Palestinians who attack Israeli soldiers cannot be defined as terrorists, Israeli Foreign Minister Tzipi Livni said in an interview with US television network ABC broadcast on Tuesday, April 11.
"Somebody who is fighting against Israeli soldiers is an enemy and we will fight back, but I believe that this not under the definition of terrorism, if the target is a soldier," Livni said, according to Agence France-Presse.
In a later interview with Israeli public radio, Livni, also the justice minister, said a distinction should be made between Palestinians who attack soldiers and those who target civilians.
"We must say to the international community that terrorists who take the lives of civilians are terrorists, that you cannot justify their motivations," she said.
Experts believe that the Palestinian resistance movement Hamas, now in government after a landslide election victory, has changed resistance tactics, targeting only Israeli military targets within the territories occupied in 1967.
On the ground, Israeli Defense Minister Shaul Mofaz said Tuesday his forces would intensify its bombardments of Gaza despite the recent deaths of two Palestinian children.
"Our operations are going to intensify," he vowed.
Sixteen Palestinians have been killed since Friday night, April 6, by Israeli strikes and tank shelling.
The latest victim was eight-year-old girl Hadil Ghaber who died on Monday, April 10, when an Israeli shell struck a house in Beit Lahiya.
A seven-year-old boy was also killed in an air strike on Friday.
The head of the United Nations agency for Palestinian refugees mission in Gaza, John Ging, expressed "great concern" over the situation after visiting UN-run schools which he feared could end up in the firing line.
"My reaction is to have an expression of very great concern. It is not at all acceptable that innocent lives are lost. I went to the schools (in Beit Hanun and Beit Lahiya) to see for myself the danger that the children are in from this shelling," he said.
Israel withdrew all its ground troops from the Gaza Strip last September and its bombardments of the territory have been either from the air or by tank shelling from across the border.
Livni acknowledged that such tactics could have tragic consequences as they target innocent civilians.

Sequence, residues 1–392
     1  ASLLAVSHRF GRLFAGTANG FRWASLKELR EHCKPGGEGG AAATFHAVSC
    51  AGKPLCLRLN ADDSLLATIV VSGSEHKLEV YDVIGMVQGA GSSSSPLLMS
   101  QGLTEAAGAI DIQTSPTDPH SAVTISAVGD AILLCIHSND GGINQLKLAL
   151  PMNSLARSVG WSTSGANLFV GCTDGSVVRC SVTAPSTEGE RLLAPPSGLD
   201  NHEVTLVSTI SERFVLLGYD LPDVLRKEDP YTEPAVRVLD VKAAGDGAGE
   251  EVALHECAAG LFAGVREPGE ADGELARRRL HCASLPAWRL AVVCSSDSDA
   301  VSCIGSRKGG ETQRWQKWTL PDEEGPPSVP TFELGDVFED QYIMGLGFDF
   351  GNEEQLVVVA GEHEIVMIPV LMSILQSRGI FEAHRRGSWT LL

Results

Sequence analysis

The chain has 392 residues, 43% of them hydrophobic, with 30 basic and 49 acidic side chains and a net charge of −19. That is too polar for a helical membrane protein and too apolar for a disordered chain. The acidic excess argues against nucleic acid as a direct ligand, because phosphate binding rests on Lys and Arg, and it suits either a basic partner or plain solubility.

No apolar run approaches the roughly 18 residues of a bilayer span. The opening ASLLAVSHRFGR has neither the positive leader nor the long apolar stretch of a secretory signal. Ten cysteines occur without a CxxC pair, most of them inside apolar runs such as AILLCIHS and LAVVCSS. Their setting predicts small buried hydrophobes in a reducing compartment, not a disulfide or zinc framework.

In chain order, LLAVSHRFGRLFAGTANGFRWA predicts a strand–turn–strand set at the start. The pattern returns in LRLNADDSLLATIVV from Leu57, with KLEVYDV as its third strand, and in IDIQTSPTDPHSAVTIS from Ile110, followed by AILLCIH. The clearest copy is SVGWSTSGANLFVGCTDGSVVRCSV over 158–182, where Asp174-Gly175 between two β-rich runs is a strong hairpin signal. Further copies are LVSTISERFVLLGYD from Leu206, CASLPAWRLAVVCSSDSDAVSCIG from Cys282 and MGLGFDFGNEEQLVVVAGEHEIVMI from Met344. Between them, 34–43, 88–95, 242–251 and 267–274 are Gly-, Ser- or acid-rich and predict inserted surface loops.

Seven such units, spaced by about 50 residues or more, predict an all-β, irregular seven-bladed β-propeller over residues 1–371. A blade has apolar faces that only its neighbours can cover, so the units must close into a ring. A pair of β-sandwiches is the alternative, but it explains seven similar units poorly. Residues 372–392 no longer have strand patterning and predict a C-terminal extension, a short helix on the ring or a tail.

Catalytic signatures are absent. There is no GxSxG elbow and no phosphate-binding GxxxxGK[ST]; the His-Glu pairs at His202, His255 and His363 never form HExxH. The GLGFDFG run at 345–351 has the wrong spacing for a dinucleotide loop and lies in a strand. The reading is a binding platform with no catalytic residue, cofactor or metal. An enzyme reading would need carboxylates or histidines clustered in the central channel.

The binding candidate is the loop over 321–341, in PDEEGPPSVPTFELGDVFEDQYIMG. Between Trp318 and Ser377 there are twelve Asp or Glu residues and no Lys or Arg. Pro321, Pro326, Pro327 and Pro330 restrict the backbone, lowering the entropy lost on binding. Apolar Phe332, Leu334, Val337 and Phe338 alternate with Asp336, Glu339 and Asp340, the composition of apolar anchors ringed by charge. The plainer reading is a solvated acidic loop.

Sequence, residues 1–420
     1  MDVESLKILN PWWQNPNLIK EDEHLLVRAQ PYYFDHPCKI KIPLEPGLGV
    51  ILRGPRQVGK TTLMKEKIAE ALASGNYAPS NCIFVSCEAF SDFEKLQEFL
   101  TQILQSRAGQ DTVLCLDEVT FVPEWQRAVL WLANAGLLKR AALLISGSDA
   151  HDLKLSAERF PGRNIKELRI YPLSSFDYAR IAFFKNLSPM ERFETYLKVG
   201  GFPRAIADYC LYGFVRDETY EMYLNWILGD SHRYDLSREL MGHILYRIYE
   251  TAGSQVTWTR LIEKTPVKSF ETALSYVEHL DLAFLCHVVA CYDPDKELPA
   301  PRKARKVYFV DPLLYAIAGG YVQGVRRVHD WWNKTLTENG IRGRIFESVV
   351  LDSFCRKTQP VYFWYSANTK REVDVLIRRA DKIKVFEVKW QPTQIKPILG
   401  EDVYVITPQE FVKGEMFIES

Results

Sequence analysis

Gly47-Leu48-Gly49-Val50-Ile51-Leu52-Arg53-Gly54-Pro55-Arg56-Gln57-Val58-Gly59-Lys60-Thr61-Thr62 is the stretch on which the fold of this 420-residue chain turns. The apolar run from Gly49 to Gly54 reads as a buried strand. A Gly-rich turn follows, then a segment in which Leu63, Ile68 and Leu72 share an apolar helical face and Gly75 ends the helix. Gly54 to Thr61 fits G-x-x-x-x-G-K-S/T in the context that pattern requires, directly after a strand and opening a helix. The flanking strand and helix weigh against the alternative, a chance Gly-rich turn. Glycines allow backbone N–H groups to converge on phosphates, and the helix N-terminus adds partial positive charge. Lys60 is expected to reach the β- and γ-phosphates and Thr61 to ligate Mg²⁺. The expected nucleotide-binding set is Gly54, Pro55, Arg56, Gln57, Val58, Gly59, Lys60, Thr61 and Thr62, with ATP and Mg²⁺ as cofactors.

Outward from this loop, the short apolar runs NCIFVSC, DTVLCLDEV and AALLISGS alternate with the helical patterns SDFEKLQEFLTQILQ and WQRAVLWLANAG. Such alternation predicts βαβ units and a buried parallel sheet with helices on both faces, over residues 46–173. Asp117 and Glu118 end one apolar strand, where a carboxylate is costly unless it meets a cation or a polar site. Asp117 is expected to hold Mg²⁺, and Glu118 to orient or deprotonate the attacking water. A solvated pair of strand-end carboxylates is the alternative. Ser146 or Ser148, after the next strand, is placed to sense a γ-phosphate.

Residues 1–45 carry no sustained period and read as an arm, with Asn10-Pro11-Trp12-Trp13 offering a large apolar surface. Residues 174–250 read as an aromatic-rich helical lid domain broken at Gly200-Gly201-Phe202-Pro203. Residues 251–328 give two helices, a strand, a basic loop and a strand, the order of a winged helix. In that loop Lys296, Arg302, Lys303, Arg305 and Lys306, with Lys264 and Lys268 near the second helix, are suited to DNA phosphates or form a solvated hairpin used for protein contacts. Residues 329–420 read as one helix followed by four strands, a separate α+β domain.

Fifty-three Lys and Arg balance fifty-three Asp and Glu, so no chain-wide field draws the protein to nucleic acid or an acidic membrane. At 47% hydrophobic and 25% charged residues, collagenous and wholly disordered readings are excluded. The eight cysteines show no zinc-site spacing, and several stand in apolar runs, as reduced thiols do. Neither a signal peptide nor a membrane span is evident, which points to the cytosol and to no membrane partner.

A unique and unprecedented 120-strong group of Israeli and Palestinian ex-fighters was launched Monday to campaign both against occupation and against violence as a means of achieving peace.
The number of Israeli reservists who refuse to do their military service in the occupied Palestinian territories is on the rise.
Twenty-seven reserve and active duty airmen signed a letter in September 2003, refusing to carry out "immoral and illegal" raids on Palestinian civilians in the West Bank and Gaza Strip.
In November 2003, four former heads of the Israeli Shin Beth interior security services warned of the "disastrous" consequences of Israel’s continued occupation of the Palestinian territories.
Palestinian Prime Minister Ismail Haniya said the continued bombardment is designed to bring the Palestinian people to their knees.
"The bombardments in the north of the Gaza Strip and in (southern) Khan Yunis … are part of a political and economic siege of the Palestinian people," he told the weekly cabinet meeting.
"This is an attempt to bring the Palestinian people to their knees and strangle the government which was democratically elected."
Haniya also blasted a decision by the EU decision on Monday to suspend aid payments to his government, which follows a similar move by Washington last week.
"We can see that this decision as a green light for Israel to continue its aggressions and as a collective punishment on the Palestinian people over its democratic choice."
*this article was sourced from islamonline.net